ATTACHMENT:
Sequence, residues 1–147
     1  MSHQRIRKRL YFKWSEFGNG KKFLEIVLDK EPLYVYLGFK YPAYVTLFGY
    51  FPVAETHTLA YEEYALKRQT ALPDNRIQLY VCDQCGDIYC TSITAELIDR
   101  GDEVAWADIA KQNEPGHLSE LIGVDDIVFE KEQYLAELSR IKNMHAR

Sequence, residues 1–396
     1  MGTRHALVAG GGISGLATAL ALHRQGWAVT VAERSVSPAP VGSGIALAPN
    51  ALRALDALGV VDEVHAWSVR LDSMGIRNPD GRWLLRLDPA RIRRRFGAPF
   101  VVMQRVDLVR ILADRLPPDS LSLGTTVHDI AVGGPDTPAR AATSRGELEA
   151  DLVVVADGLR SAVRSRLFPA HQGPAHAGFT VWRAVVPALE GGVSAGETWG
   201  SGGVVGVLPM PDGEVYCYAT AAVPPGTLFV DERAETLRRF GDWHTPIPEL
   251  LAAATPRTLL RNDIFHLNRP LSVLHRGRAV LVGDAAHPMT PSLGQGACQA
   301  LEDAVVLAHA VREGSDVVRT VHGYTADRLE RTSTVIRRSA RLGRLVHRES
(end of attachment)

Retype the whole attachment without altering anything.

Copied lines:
Sequence, residues 1–147
     1  MSHQRIRKRL YFKWSEFGNG KKFLEIVLDK EPLYVYLGFK YPAYVTLFGY
    51  FPVAETHTLA YEEYALKRQT ALPDNRIQLY VCDQCGDIYC TSITAELIDR
   101  GDEVAWADIA KQNEPGHLSE LIGVDDIVFE KEQYLAELSR IKNMHAR

Sequence, residues 1–396
     1  MGTRHALVAG GGISGLATAL ALHRQGWAVT VAERSVSPAP VGSGIALAPN
    51  ALRALDALGV VDEVHAWSVR LDSMGIRNPD GRWLLRLDPA RIRRRFGAPF
   101  VVMQRVDLVR ILADRLPPDS LSLGTTVHDI AVGGPDTPAR AATSRGELEA
   151  DLVVVADGLR SAVRSRLFPA HQGPAHAGFT VWRAVVPALE GGVSAGETWG
   201  SGGVVGVLPM PDGEVYCYAT AAVPPGTLFV DERAETLRRF GDWHTPIPEL
   251  LAAATPRTLL RNDIFHLNRP LSVLHRGRAV LVGDAAHPMT PSLGQGACQA
   301  LEDAVVLAHA VREGSDVVRT VHGYTADRLE RTSTVIRRSA RLGRLVHRES